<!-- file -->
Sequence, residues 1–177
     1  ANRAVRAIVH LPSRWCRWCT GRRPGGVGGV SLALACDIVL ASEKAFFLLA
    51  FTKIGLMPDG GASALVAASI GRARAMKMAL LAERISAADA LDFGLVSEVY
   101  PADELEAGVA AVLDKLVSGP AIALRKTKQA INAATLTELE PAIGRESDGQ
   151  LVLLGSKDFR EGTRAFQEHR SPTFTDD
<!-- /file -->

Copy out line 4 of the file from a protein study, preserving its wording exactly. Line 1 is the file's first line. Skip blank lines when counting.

   101  PADELEAGVA AVLDKLVSGP AIALRKTKQA INAATLTELE PAIGRESDGQ